autoincrementing 
Author Message
 autoincrementing

Hello,

I've read somehwere the that newer versions of
python support autoincrementing. I've just upgraded
from 1.5.2 to 2.2.2, and

i=1
i++

still gives me a syntax error. I can do

i+=1

however. Why doesn't i++ work?

Thanks,
Hilbert



Sat, 13 Aug 2005 16:41:23 GMT  
 autoincrementing

Quote:

> I've read somehwere the that newer versions of
> python support autoincrementing. I've just upgraded
> from 1.5.2 to 2.2.2, and

> i=1
> i++

> still gives me a syntax error. I can do

> i+=1

> however. Why doesn't i++ work?



operator (and MOST other sequences of special symbols
and punctuation are also not operators, thanks be).

Writing one more character to code +=1 instead of ++
is no great hardship, and it would be absurd for
Python to introduce a special operator just for the
purpose of saving that one character.

Alex



Sat, 13 Aug 2005 17:00:34 GMT  
 autoincrementing

Quote:

> I've read somehwere the that newer versions of
> python support autoincrementing.

That information is incorrect.  Python does not have ++ or -- operators.

It _does_ have the augmented assignment operators, such as +=, -=, etc.,
support in Python 2.0 and above.

--

 __ San Jose, CA, USA / 37 20 N 121 53 W / &tSftDotIotE
/  \ We'll have to make our own luck from now on.
\__/ Louis Wu
    The laws list / http://www.alcyone.com/max/physics/laws/
 Laws, rules, principles, effects, paradoxes, etc. in physics.



Sat, 13 Aug 2005 17:14:56 GMT  
 autoincrementing

Quote:



>operator (and MOST other sequences of special symbols
>and punctuation are also not operators, thanks be).

>Writing one more character to code +=1 instead of ++
>is no great hardship, and it would be absurd for
>Python to introduce a special operator just for the
>purpose of saving that one character.

>Alex

That is not the point of auto-increment (and I'm sure you must know
this)

   intPrev = intNew++

is equivalent to:

   intPrev = intNew
   intNew += 1

Rather more than one character saved. And there are times when it can
save you a lot more than that, too.
--
Dale Strickland-Clark
Riverhall Systems Ltd



Sat, 13 Aug 2005 20:35:29 GMT  
 autoincrementing
   ...

Quote:
> That is not the point of auto-increment (and I'm sure you must know
> this)

>    intPrev = intNew++

> is equivalent to:

>    intPrev = intNew
>    intNew += 1

> Rather more than one character saved. And there are times when it can
> save you a lot more than that, too.

In Python, all binding and rebinding of names is in statements, never in
expressions; and numbers are immutable -- so if x refers for example to
the number 3, there is no way to make x refer to the number 4 except by
rebinding name x to a different object (you cannot ALTER a number).

I had not imagined the original poster was asking for Python to be
entirely and drastically revolutionized -- making numbers mutable, or
letting name binding or rebinding happen in expressions and not just
in statements -- in order to let him save A FEW characters' worth of
typing; I had rather made more charitable assumptions about what he
was asking about/for.

If the question being asked is "why are numbers immutable" or "why
does Python distinguish between expressions and statements and never
lets operators bind or rebind the names they're applied to", then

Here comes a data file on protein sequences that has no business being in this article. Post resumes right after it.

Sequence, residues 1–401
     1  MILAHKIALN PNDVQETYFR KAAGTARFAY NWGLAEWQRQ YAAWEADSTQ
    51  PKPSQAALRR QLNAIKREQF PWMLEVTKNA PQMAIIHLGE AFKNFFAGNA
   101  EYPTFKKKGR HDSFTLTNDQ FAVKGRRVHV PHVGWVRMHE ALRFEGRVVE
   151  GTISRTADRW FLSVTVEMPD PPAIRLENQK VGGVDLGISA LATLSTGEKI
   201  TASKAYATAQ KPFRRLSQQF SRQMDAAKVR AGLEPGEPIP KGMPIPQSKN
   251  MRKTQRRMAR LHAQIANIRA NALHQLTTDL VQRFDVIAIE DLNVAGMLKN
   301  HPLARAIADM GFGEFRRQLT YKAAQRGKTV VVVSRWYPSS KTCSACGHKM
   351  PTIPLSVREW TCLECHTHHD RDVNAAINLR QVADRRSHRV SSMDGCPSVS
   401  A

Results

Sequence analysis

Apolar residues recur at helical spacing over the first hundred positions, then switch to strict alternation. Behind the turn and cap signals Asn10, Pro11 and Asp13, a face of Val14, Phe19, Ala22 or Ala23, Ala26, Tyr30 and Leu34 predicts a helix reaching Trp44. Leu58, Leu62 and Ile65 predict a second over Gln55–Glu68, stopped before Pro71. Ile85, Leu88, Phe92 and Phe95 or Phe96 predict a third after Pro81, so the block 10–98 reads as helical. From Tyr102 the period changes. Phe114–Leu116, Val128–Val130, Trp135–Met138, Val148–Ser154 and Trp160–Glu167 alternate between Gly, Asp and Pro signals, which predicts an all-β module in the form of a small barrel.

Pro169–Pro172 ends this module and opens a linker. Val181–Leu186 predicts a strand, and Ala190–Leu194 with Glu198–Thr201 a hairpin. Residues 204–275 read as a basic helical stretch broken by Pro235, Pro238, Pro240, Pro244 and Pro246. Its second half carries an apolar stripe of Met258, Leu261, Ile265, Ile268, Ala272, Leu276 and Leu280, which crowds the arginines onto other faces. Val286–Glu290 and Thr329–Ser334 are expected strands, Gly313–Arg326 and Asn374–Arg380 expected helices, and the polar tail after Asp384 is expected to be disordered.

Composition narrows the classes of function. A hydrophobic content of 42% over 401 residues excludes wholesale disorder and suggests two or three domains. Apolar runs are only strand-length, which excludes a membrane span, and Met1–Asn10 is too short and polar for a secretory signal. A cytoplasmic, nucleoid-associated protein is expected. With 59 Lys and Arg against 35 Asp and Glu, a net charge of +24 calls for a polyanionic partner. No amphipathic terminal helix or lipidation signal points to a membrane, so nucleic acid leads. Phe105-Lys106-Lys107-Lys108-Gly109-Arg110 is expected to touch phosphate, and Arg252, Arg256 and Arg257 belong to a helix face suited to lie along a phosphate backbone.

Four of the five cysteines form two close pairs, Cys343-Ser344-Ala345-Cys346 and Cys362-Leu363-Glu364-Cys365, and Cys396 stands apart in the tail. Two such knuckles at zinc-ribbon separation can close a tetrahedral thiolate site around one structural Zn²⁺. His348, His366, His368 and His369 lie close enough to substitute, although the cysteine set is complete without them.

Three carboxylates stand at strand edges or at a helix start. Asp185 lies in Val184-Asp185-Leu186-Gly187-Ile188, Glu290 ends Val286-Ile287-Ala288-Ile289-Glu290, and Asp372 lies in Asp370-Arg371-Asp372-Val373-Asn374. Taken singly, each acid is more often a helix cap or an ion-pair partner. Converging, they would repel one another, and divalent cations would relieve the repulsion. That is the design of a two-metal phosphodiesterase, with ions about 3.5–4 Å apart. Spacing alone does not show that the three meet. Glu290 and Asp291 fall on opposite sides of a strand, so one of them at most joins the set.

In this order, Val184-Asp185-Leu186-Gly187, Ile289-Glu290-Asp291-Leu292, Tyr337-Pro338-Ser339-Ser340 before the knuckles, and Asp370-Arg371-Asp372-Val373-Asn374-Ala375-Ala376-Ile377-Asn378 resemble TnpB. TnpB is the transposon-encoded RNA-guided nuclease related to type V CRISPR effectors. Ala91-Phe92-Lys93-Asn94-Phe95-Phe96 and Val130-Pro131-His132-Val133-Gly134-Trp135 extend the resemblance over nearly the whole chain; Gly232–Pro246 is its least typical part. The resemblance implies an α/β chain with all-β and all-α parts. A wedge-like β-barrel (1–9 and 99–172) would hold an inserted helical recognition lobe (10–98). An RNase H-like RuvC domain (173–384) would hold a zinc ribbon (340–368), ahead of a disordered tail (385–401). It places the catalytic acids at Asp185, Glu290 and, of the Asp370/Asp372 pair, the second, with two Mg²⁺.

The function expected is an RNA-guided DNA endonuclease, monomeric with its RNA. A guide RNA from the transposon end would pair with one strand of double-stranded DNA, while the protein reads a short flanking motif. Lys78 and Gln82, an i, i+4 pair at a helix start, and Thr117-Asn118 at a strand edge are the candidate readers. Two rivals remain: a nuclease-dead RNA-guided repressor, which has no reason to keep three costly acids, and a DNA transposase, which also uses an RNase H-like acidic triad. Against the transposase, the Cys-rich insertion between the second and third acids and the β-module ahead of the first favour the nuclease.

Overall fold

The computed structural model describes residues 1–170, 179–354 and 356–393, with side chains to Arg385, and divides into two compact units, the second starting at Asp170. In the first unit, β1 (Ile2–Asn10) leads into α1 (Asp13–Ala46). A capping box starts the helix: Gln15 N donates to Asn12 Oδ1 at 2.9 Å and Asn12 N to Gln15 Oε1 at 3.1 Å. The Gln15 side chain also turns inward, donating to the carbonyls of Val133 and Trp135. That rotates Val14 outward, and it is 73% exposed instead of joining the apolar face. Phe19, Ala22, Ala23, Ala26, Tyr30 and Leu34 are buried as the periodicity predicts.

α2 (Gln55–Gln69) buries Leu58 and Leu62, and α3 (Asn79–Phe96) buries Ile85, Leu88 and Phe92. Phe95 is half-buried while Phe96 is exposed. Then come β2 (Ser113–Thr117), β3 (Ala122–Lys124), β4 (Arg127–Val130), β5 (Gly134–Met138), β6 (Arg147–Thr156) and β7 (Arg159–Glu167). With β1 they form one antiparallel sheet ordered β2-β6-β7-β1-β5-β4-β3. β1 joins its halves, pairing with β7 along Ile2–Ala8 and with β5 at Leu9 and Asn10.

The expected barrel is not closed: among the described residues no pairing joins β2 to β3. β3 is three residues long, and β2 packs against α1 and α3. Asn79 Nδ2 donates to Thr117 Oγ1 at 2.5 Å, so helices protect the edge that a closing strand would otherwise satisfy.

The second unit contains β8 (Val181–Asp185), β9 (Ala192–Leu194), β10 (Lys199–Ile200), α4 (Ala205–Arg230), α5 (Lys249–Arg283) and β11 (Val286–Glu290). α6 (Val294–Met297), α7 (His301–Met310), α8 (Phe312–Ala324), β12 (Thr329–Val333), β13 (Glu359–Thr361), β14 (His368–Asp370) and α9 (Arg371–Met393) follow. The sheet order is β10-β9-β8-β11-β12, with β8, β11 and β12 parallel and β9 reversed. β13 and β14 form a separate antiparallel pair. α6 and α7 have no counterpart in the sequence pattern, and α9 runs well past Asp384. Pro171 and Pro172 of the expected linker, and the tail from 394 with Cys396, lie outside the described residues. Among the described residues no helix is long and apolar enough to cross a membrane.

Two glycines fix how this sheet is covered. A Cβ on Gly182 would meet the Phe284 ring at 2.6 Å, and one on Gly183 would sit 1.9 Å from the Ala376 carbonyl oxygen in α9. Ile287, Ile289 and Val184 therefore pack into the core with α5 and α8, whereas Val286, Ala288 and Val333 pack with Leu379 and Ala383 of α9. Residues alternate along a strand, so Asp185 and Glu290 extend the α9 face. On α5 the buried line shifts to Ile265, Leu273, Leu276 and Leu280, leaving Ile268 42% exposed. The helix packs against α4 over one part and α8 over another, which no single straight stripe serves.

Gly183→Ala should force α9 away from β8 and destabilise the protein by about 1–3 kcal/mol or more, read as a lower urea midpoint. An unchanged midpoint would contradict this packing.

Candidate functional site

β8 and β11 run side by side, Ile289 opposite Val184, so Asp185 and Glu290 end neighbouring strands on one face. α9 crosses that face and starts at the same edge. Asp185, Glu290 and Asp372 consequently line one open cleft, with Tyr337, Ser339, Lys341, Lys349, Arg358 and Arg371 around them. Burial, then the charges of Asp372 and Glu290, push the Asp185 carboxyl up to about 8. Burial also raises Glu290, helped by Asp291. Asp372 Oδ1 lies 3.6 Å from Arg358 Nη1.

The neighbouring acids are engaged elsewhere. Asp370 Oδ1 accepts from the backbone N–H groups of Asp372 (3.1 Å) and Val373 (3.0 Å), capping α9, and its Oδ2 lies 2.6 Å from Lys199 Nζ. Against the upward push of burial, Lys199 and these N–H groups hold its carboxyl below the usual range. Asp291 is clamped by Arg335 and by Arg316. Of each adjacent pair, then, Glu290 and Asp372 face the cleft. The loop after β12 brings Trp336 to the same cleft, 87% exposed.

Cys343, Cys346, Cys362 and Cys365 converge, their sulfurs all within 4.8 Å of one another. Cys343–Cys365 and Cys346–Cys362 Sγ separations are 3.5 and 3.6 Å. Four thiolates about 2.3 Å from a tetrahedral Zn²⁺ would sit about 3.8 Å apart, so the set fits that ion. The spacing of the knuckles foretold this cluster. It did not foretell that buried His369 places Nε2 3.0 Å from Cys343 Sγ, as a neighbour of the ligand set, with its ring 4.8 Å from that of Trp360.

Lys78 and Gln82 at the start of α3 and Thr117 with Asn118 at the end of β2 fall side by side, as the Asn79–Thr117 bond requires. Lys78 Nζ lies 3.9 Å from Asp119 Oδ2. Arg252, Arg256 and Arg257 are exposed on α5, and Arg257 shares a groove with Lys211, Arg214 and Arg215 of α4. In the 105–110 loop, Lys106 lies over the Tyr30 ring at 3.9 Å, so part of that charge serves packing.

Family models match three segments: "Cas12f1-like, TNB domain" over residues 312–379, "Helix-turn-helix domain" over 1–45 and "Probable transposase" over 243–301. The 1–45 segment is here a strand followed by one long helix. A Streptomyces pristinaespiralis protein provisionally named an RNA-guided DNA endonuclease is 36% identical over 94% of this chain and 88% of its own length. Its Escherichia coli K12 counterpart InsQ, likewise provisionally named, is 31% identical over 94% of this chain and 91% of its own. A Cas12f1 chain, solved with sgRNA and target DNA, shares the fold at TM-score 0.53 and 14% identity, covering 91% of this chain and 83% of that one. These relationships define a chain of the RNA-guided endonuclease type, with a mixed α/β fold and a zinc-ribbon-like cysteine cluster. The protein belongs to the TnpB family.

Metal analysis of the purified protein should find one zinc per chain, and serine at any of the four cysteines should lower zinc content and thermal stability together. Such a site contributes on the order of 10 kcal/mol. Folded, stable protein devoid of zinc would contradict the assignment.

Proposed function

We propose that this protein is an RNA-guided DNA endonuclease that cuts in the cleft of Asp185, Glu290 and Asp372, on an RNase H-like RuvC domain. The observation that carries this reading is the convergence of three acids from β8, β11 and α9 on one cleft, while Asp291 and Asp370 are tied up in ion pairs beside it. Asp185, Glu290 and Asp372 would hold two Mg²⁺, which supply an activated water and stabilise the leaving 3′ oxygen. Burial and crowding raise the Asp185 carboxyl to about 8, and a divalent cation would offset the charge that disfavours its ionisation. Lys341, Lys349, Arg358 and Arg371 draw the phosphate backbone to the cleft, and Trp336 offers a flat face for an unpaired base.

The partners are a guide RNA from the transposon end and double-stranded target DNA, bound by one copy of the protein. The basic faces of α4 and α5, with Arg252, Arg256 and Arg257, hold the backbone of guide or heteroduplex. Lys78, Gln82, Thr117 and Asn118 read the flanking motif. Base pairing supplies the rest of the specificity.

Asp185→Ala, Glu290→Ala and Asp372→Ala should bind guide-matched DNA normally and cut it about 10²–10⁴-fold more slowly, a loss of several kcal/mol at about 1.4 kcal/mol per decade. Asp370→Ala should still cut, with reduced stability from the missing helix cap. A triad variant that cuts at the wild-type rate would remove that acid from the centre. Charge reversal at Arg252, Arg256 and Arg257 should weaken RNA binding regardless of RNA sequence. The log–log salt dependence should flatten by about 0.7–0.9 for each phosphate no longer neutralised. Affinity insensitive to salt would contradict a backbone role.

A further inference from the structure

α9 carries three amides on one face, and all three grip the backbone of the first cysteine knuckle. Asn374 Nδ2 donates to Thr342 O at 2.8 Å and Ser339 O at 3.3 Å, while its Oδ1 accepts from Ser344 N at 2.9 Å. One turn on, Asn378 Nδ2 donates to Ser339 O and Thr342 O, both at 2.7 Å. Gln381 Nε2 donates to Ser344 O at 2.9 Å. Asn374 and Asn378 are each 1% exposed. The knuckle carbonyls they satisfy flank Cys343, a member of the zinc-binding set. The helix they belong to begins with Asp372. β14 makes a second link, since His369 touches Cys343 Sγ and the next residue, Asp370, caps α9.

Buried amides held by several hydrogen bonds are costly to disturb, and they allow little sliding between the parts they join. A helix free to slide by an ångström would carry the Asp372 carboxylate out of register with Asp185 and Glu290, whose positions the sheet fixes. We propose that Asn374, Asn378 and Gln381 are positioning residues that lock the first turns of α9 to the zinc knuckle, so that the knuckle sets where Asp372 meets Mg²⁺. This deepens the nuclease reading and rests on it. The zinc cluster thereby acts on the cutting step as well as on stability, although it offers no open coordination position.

the only sensible answer is "because it's Python -- if you want C,
you know where to find it".

If the question is "why doesn't Python make an exception to its
otherwise simple and universal rules in order to treat an extremely
specific case 'ad hoc' in a way that would be convenient to me",
then my suggestion would be to switch to Perl: in that language you
will find an endless, dazzling variety of such "convenient" design
choices -- bon appetit!

Since I keep assuming human being are fundamentally good, even though
sometimes misguided, I still prefer to keep also assuming that the
poster, as indicated by using the non-C terminology "autoincrement"
rather than the C terminology "preincrement" or "postincrement", was
NOT wondering about inflicting such horrors upon Python, but simply
about a "++" synonym for the construct "+=1" -- a statement rebinding
a reference, but NOT returning a result.

Alex



Sat, 13 Aug 2005 21:09:14 GMT  
 autoincrementing
Dale Strickland-Clark wrote

Quote:




> >operator (and MOST other sequences of special symbols
> >and punctuation are also not operators, thanks be).

> >Writing one more character to code +=1 instead of ++
> >is no great hardship, and it would be absurd for
> >Python to introduce a special operator just for the
> >purpose of saving that one character.

> >Alex

> That is not the point of auto-increment (and I'm sure you must know
> this)

>    intPrev = intNew++

> is equivalent to:

>    intPrev = intNew
>    intNew += 1

> Rather more than one character saved. And there are times when it can
> save you a lot more than that, too.
> --
> Dale Strickland-Clark
> Riverhall Systems Ltd
> --

Surely, the main point is that

i += 1

is an assignment statement

and

i++

is an expression. Python makes a clear distinction between expressions and functions. Implementing i++ would give in-line assignment which the BDFL is apparently set against (so am I in the form if a = b..., but wouldn't mind if a := b...).

_____________________________________________________________________
This message has been checked for all known viruses by the MessageLabs Virus Scanning Service.



Sat, 13 Aug 2005 21:00:03 GMT  
 autoincrementing

|In Python, all binding and rebinding of names is in statements, never in
|expressions; and numbers are immutable -- so if x refers for example to
|the number 3, there is no way to make x refer to the number 4 except by
|rebinding name x to a different object (you cannot ALTER a number).

Not ALL rebinding of names is in statements, e.g.

    >>> x = 3
    >>> somevar = globals().__setitem__('x',4)